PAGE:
|The Silver Lining Sexy Bitches (mostly) of SOMD|
Look at those waves....
When I am running a race my list of things I cannot control are:
- Other Runners;
- Unexpected Illness, Fall or Injury; and
- Misleading Race Descriptions/Course Malfunctions/parking and transportation/traffic (or a ½ Marathon that was 12.7 miles or so, whoops).
- All of the above listed but replace Other Runners with Other Athletes;
- Water conditions (too cold, hot, or choppy);
- Jelly Fish
- Forgetting equipment needed in the transition area;
- All equipment functioning and in perfect working order;
- All replacement parts for said equipment packed and on board AND in working order;
- Not drowning;
- Wetsuit not coming unzipped;
- Swim cap not falling off;
- Tire not getting a flat;
- Air compressor not getting stuck and over inflating/popping the spare inner tube; and
- the list is freaking endless....
|A sea of people.|
Photo by Nicole McGee
October 4th is also the anniversary of my postpartum hemorrhage and hysterectomy or "PTSD Frenzy/Flashback Day" (think multiple blood transfusions and being awake in the ICU on a ventilator with a 3 day old baby) as I usually call it. It's a very hard day to get through with any amount of sanity and I always try to have something fun to distract myself with or I literally fall apart, it's a day where everything has to go perfectly or I lose my shit. So clearly signing up for a triathlon with the above list of non-controllable factors demonstrates my ability to make great decisions.
Yes, I did. Don't Judge.
When we got back to the hotel my roommate and I prepared our race day gear and read through the race description one last time. I actually slept incredibly well and after spending Sunday-Tuesday with a high fever I felt extra well rested and surprisingly healthy and ready for race day.
|No race is complete without a pre-race selfie.|
The water was ROUGH, it was a ½ mile of giant waves tossing you around and each time you went to get a breath you got a mouthful of the Chincoteague Bay instead. Spoiler alert--it did NOT taste good. My swim cap got kicked off my head about 3 minutes into the swim but I managed to hang on to it--why? I'll never know. I magically finished the swim in 14:46 which is about 6 minutes faster than I had anticipated even BEFORE I saw how rough the water was. I think I swam faster because I was desperate to get out of the water as I was terrified of drowning. My transition time was a smooth and easy 1:43.
|All of this, yes. Tasty too.|
The first two miles I felt like someone had put a jet pack on the back of my bike. I was cruising at 20 mph and feeling amazing I was passing people younger than me and was in total shock at how strong I felt. Then it happened. FUCK. Flat Tire.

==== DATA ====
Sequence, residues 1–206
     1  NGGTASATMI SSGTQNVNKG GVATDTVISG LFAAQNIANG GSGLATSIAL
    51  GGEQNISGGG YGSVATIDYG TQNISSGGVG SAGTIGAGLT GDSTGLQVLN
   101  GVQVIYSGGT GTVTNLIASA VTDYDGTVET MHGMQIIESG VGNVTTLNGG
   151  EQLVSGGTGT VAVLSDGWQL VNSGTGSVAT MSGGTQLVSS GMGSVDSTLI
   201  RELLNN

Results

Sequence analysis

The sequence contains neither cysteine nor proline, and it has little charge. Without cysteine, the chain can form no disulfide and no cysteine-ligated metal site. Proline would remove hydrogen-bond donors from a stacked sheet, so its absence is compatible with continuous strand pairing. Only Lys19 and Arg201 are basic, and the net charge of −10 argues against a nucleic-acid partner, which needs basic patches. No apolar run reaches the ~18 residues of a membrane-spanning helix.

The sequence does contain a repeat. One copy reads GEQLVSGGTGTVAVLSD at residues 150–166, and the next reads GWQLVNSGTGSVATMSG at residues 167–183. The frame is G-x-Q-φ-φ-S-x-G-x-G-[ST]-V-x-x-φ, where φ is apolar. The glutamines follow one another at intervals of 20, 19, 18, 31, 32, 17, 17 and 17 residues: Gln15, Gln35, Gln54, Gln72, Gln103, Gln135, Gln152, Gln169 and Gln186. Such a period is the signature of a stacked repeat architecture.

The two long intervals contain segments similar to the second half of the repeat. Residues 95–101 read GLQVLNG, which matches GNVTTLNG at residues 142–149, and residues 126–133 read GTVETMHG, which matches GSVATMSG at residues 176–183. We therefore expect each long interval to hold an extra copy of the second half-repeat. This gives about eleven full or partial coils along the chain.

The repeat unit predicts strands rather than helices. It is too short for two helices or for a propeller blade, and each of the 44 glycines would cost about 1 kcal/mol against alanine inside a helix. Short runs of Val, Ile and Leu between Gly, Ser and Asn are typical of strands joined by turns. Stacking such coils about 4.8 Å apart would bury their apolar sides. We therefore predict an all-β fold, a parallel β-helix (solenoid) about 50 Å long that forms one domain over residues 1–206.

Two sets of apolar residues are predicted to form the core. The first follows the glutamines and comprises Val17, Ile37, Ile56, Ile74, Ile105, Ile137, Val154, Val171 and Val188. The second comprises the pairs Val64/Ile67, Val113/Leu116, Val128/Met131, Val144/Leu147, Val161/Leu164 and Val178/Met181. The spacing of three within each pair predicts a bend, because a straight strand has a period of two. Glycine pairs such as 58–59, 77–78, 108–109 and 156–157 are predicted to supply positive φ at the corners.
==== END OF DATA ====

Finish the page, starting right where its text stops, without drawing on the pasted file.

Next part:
So, I've changed one inner tube in my life and that was only so that I would know how to do it in a pinch--NOT for time. I pulled to the side of the road and got the tire off and was able to discern that the inner tube indeed had a puncture so it had to be replaced. FUCK. Put the new tube in, attached the CO2 charger and filled it but the attachment WOULD NOT come off no matter how hard I pulled so it popped the tire with too much air. FUCK. It was at this moment that I lost my shit. I had just wasted 10 minutes and did not have an extra inner tube--this is when I realized I was getting my first DNF on my PTSD day to boot, and the tears came, unexpected and unbidden. Someone asked me if I needed help and I just said tell them to send someone to get me when you finish. About 5 minutes later a van pulled up and I was getting ready to pack my bike in the back. But Buzz (who will forever be referred to as "Buzz Lightyear to the Rescue" in my mind) came flying out of his van with an inner tube and a pump. He had my tire ready to roll in under 5 minutes, I introduced myself, got his name so I could remember my hero, and pedaled off as fast as I could.
|It's entirely possible I overreacted.|
|An event like this might play to my strengths. |
Plus, wouldn't this count as a brick workout???
I just ran 3.1 miles on an out and back course. My pace was just under a 9 minute mile but given how I had just over extended my legs to try and make up lost time on the cycle I'm totally OK with that pace. I met a young athlete named Jason along the run who encouraged me to keep running and it helped, a lot, he was like a drill sergeant.
Photo by Nicole McGee
On the drive home it also gave me something to focus on besides ventilators, blood transfusions, a missing uterus, and a gorgeous baby that came home from the hospital weeks before I was healthy enough to. Triathlons as PTSD therapy--this could seriously be a thing.
As for the "Silver Lining Sexy Bitches" I hope we return each year and try to tri. Maybe the same race, maybe new challenges, but definitely the same group of tri-warriors (different restaurant FOR SURE).
|I had to show the pumpkins I bought on |
the way home. Tri-Season is over--let the
training for my spring races begin!